Many workers in Georgia are unaware that they could potentially qualify for Social Security Disability Insurance benefits. According to a study by the Center for Retirement Research (CRR) at Boston College, contingent workers in their 50s and 60s are less likely than workers with traditional jobs to apply for SSD benefits and are generally less likely to be awarded disability benefits. Contingent workers may be workers in temporary positions, independent contractors and consultants.
The study shows that while 8% of workers between the ages of 50 and 64 apply for disability benefits, contingent workers in this age group are 2.2 percentage points less likely to apply than traditional workers.
The study also revealed that contingent workers were one-third less likely to be awarded benefits. The contingent workers that do receive SSDI benefits receive $150 less per month than traditional workers, due to contingent workers earning less money each month of the course of their careers.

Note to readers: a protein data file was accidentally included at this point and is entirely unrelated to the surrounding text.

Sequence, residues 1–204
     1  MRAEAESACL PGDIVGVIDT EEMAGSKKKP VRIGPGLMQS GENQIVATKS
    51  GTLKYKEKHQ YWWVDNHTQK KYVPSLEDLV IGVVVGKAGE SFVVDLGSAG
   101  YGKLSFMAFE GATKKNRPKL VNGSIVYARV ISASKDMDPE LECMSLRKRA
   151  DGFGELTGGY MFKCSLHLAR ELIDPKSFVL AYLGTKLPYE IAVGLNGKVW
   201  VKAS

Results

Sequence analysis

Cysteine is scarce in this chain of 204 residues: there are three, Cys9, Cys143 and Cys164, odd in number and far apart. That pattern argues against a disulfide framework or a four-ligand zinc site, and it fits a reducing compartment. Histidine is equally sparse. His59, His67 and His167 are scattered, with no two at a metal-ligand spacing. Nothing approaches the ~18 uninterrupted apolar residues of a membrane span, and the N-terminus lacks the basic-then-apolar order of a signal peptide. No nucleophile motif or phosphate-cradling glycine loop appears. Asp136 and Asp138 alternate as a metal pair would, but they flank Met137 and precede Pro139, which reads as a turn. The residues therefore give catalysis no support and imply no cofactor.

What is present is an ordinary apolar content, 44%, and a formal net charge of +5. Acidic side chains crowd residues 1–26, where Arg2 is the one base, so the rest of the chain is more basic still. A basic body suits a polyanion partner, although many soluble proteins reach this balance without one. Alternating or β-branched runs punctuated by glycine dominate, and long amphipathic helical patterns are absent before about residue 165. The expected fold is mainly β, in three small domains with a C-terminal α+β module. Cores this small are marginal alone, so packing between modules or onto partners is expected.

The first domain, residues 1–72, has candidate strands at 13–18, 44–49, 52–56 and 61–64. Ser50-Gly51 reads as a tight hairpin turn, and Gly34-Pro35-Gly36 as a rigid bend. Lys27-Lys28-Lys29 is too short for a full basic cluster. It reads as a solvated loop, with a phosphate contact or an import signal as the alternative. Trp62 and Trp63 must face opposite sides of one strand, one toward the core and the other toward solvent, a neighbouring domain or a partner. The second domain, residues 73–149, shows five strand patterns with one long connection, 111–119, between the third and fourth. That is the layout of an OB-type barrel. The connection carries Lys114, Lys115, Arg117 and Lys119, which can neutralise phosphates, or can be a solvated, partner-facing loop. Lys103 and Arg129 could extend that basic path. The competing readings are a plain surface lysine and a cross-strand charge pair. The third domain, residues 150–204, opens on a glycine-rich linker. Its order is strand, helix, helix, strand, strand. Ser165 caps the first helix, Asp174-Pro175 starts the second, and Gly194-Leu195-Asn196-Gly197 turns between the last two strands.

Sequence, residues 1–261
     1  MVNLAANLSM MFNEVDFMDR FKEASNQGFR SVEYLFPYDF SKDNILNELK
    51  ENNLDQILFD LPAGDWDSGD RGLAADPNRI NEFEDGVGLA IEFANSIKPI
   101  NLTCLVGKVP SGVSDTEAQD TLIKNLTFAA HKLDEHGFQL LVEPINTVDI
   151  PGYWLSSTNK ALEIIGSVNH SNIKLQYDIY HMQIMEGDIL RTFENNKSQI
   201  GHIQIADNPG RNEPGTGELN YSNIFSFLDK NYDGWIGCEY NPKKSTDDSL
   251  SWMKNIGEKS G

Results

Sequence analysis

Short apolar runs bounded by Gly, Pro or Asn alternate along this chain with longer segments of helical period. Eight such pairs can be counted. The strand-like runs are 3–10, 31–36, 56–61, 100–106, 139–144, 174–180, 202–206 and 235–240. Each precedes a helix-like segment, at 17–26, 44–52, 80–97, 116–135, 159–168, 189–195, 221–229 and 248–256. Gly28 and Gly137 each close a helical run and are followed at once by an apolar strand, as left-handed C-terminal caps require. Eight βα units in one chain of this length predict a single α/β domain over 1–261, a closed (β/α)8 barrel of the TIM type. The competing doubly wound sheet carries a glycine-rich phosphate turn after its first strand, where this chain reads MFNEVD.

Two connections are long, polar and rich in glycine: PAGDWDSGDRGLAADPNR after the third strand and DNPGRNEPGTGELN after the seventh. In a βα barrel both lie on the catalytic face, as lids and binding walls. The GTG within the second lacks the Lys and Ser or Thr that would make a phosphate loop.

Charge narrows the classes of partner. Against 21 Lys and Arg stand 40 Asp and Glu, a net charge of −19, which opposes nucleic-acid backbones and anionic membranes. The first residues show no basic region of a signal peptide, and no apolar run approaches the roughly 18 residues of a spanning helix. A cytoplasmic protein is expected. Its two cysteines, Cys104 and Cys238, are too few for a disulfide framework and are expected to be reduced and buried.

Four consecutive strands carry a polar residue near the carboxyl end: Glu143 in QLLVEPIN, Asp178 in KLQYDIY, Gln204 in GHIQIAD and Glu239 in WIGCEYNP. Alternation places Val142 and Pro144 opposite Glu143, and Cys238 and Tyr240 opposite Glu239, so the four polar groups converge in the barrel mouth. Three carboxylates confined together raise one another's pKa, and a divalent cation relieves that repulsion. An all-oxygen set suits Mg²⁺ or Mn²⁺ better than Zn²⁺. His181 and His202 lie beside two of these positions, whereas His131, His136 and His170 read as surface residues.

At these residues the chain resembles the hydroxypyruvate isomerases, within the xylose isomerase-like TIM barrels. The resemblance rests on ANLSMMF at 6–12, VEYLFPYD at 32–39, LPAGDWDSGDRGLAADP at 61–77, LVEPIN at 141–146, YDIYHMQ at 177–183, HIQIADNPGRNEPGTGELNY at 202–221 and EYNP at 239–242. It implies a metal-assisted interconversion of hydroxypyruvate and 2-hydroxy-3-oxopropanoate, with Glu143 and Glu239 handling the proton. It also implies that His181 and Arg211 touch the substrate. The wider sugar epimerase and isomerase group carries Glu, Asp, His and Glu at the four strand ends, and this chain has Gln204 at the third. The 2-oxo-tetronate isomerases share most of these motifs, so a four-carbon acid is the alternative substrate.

Researchers found that people who work contingent jobs may not have other job opportunities and therefore may be reluctant to leave their positions to apply for disability benefits. People may be worried that the disability benefits they receive may not be enough to support themselves. Many contingent workers also do not have access to SSDI information that traditional employees typically receive from supervisors and from the human resources department at their company.
Older contingent workers may have the most to gain from SSDI benefits and should be encouraged to apply for SSDI benefits. For more information on how to apply for disability benefits, contact an attorney in your area.